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High-confidence detection of point mutations is important for disease diagnosis and clinical practice. Hybridization probes are extensively used, but are hindered by their poor single-nucleotide selectivity. Shortening the length of DNA hybridization probes weakens the stability of the probe-target duplex, leading to transient binding between complementary sequences. The kinetics of probe-target binding events are highly dependent on the number of complementary base pairs. Here, we present a single-molecule assay for point mutation detection based on transient DNA binding and use of total internal reflection fluorescence microscopy. Statistical analysis of single-molecule kinetics enabled us to effectively discriminate between wild type DNA sequences and single-nucleotide variants at the single-molecule level. A higher single-nucleotide discrimination is achieved than in our previous work by optimizing the assay conditions, which is guided by statistical modeling of kinetics with a gamma distribution. The KRAS c.34A mutation can be clearly differentiated from the wild type sequence (KRAS c.34G) at a relative abundance as low as 0.01% mutant to WT. To demonstrate the feasibility of this method for analysis of clinically relevant biological samples, we used this technology to detect mutations in single-stranded DNA generated from asymmetric RT-PCR of mRNA from two cancer cell lines.
Due to the diagnostic significance of single-point mutations and single-nucleotide variants (SNV) in the human genome, there is an urgent need to develop high-confidence SNV identification methods1,2. Current efforts have focused on enhancing single-nucleotide selectivity, including the development of digital PCR3, barcode-based assays4, nanopore approaches5 and next-generation sequencing6. Hybridization probes7 (such as molecular beacons, binary probes, and artificial modified probes) effectively detect mutations in DNA sequences where the corresponding wild type and mutant alleles are known. The specificity of these probes is dependent on their hybridization thermodynamics, rendering it typically poor at room temperature. Recently, a simulation-guided probe pairs strategy has greatly improved the performance of hybridization probes and achieved high single-nucleotide selectivity8. However, the identification and quantification of SNVs in complex samples still relies on the observation of bulk fluorescence responses, which often leads to false-positive signals and poor reproducibility.
Single-molecule fluorescence techniques have substantially advanced our understanding of molecular and cellular processes over the last two decades9,10. By taking advantage of the fluorescence excitation geometry of the evanescent field in total internal reflection fluorescence microscopy (TIRFM)11, researchers can capture DNA targets on slides and detect single molecules of nucleic acid in vitro12,13. However, these methods still discriminate poorly between SNVs and wild type (WT) sequences, due to poor hybridization specificity.
When fluorescently labeled DNA oligonucleotides (strands) transiently bind to complementary ‘docking’ DNA strands immobilized on TIRFM slides, stochastic switching between fluorescent on- and off-states occurs14. Diffusing strands are specifically illuminated in the bound state, whereas fluorophores of unbound probes are (1) not excited as strongly if they are far from the surface, due to the exponential decay of the evanescent field intensity, and (2) even if excited, are diffusing too rapidly to generate a localized fluorescent signal on the timescale of measurement. By employing DNA transient binding, DNA-PAINT (a variation of point accumulation for imaging in nanoscale topography15) has been developed for simple and easy-to-implement multiplexed super-resolution imaging16,17. Inspired by DNA-PAINT, a kinetic fingerprinting approach was developed for amplification-free detection of single, unlabeled miRNA molecules with high sensitivity and specificity18. This approach detects the presence of point mutations and provides quantitative evaluation of SNV/WT discrimination, however, not in mixed samples which is critical for developing a useful tool for clinical diagnosis.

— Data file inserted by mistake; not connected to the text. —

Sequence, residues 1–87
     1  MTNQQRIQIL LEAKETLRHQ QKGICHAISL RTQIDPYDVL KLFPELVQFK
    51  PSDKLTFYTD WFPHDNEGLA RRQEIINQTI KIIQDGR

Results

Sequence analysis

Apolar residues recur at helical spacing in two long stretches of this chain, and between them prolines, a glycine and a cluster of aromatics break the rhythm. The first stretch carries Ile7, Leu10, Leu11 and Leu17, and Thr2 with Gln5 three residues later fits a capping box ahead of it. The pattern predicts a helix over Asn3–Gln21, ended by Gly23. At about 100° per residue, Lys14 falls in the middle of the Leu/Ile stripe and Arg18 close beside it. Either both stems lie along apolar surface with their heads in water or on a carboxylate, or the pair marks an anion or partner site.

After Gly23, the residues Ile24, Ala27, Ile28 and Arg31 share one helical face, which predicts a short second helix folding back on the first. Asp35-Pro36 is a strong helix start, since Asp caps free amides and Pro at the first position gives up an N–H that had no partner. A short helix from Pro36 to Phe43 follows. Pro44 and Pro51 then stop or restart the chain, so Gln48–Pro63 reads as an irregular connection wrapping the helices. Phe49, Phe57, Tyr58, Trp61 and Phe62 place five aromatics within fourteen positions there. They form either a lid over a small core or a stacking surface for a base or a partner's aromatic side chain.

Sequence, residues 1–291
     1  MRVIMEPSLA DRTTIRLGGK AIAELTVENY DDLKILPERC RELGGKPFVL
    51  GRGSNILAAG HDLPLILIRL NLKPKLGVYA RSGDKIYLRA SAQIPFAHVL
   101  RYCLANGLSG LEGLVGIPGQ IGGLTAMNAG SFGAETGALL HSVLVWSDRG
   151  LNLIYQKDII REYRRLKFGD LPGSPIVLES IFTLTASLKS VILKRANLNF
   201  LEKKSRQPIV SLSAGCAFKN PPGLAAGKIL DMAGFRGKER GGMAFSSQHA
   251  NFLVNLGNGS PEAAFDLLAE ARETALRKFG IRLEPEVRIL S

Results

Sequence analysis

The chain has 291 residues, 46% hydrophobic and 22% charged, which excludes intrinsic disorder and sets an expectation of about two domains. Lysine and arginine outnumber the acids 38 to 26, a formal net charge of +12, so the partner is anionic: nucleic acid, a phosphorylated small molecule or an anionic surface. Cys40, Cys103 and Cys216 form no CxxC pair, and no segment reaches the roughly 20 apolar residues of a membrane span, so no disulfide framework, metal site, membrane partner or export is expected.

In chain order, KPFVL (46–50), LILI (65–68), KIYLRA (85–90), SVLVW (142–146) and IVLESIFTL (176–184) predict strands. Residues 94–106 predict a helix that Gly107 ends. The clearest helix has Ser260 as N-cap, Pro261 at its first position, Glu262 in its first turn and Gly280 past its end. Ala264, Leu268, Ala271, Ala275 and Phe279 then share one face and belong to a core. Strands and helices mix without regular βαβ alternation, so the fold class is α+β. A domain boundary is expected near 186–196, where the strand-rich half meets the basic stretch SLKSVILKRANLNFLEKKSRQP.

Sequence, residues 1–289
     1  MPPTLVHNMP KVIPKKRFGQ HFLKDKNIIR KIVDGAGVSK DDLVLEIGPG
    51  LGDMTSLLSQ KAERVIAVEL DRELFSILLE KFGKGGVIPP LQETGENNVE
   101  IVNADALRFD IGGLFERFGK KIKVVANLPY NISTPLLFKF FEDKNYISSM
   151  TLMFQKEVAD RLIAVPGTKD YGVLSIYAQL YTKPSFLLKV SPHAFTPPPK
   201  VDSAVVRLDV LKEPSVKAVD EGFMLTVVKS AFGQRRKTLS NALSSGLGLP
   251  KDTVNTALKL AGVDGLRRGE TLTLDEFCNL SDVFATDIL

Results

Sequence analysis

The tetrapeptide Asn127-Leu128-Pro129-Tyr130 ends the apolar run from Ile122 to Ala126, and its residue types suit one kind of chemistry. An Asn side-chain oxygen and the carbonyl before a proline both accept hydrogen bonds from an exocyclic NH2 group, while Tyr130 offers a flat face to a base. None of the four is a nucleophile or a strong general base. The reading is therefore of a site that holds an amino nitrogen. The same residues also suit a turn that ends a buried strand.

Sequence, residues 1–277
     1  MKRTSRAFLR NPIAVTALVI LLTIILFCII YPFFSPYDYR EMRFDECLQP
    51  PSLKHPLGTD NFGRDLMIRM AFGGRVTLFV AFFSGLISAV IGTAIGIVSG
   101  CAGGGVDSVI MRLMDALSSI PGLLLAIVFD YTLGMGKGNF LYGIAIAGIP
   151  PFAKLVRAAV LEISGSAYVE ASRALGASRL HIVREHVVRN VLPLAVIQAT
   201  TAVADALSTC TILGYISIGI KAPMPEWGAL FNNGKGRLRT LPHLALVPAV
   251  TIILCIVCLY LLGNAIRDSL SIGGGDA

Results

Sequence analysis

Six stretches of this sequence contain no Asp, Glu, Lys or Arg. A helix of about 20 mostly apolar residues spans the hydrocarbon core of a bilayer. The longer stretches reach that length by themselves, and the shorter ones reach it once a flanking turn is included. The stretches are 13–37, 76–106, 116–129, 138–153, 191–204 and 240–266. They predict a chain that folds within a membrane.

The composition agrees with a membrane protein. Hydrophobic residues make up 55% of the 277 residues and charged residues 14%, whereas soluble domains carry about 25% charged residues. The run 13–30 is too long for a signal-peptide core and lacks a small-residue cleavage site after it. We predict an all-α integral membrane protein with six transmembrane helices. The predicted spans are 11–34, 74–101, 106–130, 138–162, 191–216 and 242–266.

Herein, we describe a single-molecule approach that can detect and quantitatively evaluate point mutations by utilizing TIRFM to visualize transient DNA binding. The differential binding kinetics of SNVs relative to WT DNA molecules enables us to identify SNVs at the single-molecule level. Compared to previous work18, the single-nucleotide discrimination capability is further improved by optimizing the assay conditions which is guided by statistical modeling of kinetics with a gamma distribution. This kinetic approach can detect synthetic DNA with an SNV at an allelic frequency as low as 0.01% in the presence of WT. This method was successfully used to detect mutations in single-stranded DNA that was reverse-transcribed from cellular mRNA from two cancer cell lines.
We used a gene fragment (single-stranded DNA, 39-nt) containing the KRAS c.34G>A mutation as a model target. This G>A mutation is typically poorly detected by hybridization-based probes, because a T:G mismatch (known as a “wobble pair”) can only slightly destabilize the DNA duplex19,20. The principle of our single-molecule assay is depicted in Fig. 1A. A biotinylated capture probe (25-nt), which is complementary to the common DNA sequence shared by the SNV (KRAS c.34A) and the WT allele (KRAS c.34G), was immobilized on the slide surface through biotin-streptavidin interaction. Target DNA strands can be captured on the surface through stable hybridization (25-bp). A short fluorescent DNA probe that is fully complementary to the SNV, but which forms a single mismatch with WT DNA, is then added. The binding kinetics for probes of ~6–12 nt are highly sensitive to the number of complementary bases between the probe and target21,22, and are particularly sensitive to base mismatches in the middle of the probe-target duplex21. Upon the addition of the short probe, the SNV and WT DNA molecules yield distinct binding kinetics and fluorescence trajectories (Fig. 1B and C). The transient binding of the fluorescent probe with the SNV target creates a longer dwell time in the bound state (t_bound) and shorter dwell time of unbound state (t_unbound). The fluorescence intensity histograms shown in Fig. 1B and C are the results of statistical analysis of all molecules, suggesting that the duplex of WT DNA-probe is much less stable than that of SNV-probe.